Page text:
of California-Riverside. We continue to encourage the state to expedite its approval of E15 for
California consumers and to help drive further immediate GHG emission reductions.
Additionally, the California LCFS is helping to drive growth in the use of E85 in flex-fuel vehicles. The use
of E85 will promote even greater reductions in GHG emissions and reductions of air toxics.
We would also encourage CARB and other state agencies to push for policies that strongly
encourage and incentivize the use of higher bioethanol blends such as E15 and E85, the
production and use of flex-fuel vehicles, as well as continued investment in infrastructure for the
expanded use of E85.
Mobil Station, San Diego, CA 4/6/20222
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With respect to some of the other items under consideration for California LCFS revisions, we offer
Crediting for Field-based Farm Practices
Growth Energy strongly supports the appropriate crediting of on-the-farm field practices in the California LCFS. The U.S. EPA estimates that five percent of national GHG emissions is from crop
cultivation and energy. There has been a wealth of data including a recent study done by
Argonne National Laboratory that show the possibility of a 35 percent reduction in carbon
intensity through adoption of current best on-farm practices such as cover crops, strip tillage,
reduced fertilizer use, and other innovations.
5 With the California LCFS’ verification requirements,
capturing these on the farm benefits for biofuel pathways is now more realistic and scalable.
Allowing appropriate credit will help bioethanol producers continue to further innovate and lower
their carbon intensity, while providing key incentives for farmers to adopt these effective
conservation practices.
Carbon Capture and Sequestration
New innovations at biorefineries throughout the U.S. allow pure, biogenic carbon dioxide (CO2)
to be captured at a massive scale, and multiple projects are already underway that repurpose,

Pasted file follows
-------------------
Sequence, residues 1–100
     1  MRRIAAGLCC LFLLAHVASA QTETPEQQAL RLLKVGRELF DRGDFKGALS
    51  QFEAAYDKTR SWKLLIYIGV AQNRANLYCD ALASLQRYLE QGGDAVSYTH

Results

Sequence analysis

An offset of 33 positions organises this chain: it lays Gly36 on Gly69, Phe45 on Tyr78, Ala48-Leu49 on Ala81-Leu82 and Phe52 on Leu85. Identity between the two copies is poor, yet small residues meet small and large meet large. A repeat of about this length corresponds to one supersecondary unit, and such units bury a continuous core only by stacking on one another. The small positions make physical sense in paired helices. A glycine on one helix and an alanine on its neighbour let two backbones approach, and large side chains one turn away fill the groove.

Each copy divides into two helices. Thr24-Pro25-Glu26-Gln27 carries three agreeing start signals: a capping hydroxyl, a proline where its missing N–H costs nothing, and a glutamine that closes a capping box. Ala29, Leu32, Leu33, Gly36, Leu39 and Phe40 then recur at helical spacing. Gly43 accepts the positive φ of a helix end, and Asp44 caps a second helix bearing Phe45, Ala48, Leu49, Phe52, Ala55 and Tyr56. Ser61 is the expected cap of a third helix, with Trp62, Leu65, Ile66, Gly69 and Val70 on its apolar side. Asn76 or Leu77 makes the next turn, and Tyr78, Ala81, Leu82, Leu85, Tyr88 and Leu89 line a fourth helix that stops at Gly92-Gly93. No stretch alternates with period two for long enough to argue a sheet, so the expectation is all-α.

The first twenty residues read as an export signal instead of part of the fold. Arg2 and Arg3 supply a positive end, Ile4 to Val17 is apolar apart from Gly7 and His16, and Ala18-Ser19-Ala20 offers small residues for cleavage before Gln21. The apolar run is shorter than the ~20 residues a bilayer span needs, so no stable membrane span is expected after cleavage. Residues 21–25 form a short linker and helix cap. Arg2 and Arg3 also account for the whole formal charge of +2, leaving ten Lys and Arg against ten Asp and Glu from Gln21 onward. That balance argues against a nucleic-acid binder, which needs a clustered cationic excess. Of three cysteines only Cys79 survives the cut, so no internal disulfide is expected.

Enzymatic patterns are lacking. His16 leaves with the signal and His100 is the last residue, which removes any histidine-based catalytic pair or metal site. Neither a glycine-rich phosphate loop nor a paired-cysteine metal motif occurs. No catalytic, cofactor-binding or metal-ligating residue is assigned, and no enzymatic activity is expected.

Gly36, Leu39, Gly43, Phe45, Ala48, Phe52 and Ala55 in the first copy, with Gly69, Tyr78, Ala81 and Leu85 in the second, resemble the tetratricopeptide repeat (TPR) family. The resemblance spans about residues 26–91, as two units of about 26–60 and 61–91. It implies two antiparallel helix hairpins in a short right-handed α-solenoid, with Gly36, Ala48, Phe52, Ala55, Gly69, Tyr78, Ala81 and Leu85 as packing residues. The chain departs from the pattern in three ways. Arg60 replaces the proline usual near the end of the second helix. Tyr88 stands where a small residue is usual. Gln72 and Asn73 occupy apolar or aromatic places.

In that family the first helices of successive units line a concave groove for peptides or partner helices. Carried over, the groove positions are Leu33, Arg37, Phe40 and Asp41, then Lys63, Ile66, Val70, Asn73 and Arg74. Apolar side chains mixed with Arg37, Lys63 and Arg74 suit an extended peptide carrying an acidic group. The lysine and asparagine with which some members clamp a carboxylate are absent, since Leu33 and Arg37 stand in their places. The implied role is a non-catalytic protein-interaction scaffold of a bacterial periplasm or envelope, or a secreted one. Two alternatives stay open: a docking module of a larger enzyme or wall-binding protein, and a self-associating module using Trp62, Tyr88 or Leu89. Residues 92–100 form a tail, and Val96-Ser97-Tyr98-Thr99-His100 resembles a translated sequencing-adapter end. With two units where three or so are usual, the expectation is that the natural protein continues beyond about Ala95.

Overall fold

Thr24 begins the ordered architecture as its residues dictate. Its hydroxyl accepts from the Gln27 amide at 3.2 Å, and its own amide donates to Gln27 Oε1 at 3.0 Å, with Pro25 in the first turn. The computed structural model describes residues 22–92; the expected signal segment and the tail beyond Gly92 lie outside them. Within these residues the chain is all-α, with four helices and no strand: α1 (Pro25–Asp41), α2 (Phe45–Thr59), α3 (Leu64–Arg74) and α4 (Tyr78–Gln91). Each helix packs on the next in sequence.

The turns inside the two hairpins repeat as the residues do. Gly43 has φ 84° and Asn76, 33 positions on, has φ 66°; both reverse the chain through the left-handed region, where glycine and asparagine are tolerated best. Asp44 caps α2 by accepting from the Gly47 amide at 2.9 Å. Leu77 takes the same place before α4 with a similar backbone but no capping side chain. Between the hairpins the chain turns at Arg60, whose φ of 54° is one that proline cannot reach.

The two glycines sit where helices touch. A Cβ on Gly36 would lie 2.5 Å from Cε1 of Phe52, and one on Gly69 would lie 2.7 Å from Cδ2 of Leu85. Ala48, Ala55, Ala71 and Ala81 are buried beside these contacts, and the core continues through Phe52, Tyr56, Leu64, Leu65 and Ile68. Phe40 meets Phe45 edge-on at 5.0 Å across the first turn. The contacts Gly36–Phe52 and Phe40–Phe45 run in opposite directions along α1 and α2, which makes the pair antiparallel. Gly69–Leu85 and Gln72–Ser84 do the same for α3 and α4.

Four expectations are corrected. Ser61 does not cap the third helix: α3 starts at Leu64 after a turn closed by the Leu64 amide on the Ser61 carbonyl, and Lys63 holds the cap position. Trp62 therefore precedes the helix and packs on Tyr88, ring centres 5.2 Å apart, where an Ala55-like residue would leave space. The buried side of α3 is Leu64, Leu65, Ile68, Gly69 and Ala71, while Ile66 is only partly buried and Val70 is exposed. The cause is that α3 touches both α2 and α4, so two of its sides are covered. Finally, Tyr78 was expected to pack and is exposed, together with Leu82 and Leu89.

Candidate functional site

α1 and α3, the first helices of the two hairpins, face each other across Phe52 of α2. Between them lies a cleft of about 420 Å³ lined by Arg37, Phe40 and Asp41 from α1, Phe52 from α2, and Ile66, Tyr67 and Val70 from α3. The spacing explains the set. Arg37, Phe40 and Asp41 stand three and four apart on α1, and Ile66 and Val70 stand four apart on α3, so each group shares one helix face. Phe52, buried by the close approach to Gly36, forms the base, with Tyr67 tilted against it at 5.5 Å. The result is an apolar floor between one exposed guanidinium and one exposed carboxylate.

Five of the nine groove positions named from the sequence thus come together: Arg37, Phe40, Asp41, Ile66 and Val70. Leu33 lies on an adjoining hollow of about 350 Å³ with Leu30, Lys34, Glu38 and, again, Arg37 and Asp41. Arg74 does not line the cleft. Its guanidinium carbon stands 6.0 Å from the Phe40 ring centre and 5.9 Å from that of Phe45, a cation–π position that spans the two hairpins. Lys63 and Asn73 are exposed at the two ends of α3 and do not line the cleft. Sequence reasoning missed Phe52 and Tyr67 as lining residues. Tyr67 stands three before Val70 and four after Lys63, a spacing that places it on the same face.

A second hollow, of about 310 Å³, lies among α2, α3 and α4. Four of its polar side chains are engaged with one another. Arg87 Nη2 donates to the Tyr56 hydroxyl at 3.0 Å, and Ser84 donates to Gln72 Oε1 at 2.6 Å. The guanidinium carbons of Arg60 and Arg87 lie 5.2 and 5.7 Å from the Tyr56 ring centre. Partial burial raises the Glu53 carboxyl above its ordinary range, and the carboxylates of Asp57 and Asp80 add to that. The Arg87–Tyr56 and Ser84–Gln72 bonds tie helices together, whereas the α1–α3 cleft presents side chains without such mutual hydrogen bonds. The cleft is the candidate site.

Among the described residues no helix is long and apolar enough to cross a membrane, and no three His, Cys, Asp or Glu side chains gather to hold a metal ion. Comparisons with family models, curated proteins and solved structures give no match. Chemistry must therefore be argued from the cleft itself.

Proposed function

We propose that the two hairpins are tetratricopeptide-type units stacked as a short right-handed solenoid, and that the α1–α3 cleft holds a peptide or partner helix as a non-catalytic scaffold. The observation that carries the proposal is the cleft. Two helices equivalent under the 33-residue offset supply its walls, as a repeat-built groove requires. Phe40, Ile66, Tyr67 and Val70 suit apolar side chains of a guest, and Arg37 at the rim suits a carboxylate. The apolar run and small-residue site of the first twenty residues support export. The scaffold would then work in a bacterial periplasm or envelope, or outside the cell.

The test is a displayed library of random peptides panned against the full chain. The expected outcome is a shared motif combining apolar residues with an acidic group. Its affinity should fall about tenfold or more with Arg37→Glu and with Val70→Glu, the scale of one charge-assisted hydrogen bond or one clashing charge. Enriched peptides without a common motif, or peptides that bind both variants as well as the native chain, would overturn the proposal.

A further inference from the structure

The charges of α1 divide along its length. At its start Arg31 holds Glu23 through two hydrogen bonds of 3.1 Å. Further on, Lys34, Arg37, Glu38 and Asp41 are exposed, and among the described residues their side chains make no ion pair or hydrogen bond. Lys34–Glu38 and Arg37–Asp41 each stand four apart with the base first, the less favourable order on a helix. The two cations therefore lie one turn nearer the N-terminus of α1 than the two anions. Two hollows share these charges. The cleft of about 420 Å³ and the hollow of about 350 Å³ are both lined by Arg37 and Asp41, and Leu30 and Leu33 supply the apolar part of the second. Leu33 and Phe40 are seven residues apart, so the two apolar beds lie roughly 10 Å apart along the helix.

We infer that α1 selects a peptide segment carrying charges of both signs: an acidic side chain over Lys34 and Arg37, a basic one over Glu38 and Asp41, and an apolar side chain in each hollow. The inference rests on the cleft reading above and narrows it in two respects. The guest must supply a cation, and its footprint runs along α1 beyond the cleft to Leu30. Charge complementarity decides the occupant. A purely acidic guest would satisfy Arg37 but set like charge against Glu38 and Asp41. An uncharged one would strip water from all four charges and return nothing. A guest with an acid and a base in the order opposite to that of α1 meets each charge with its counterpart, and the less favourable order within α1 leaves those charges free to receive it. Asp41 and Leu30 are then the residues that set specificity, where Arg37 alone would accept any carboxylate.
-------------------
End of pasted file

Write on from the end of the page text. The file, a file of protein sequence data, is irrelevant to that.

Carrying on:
reuse, or provide a permanent storage solution for the majority of that CO2. We support and
encourage CARB’s continued allowance for credit generation from carbon capture, utilization,
and storage (CCUS).
Correcting Electricity Usage in Wet and Dry Distiller Grain (DDGS) Pathways
The CALGREET 3.0 model currently distinguishes between wet and dry DDGS pathways for
thermal energy but does not do so with regard to electricity use. Electricity use between wet
and dry DDGS production is quite different. We recommend that CARB further distinguish
electricity use as it does with thermal energy in its CALGREET 3.0 model.
Ethanol/Fuel Cell Technology
Direct Ethanol Fuel Cells for the use in motor vehicle transportation have been in development
by Nissan for some time. As recently as January of 2020, Nissan and Lawrence Berkeley
National Laboratory have published research on the use of 100 percent ethanol in fuel cell
technologies and innovations.
6 This technology not only meets zero emission vehicle
requirements, but further eliminates particulates from tailpipe emissions. Using bioethanol in
conjunction with a fuel cell would require less infrastructure change and investment and would
help the state meet its ambitious goals for climate and vehicle. As CARB considers policies on
zero emission vehicles in conjunction with the California LCFS, we would strongly encourage CARB to
consider ways to further develop this technology for consideration.
More broadly, we look forward to working with CARB as you work through the regulatory
process on revisions to the California LCFS program and ensure the role of biofuels in making California’s
5 Argonne National Laboratory:
6 Lawrence Berkeley National Laboratory:
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fuel mix more sustainable and help the state achieve its progressive climate goals through the
expanded use of bioethanol.
Thank you in advance for your consideration.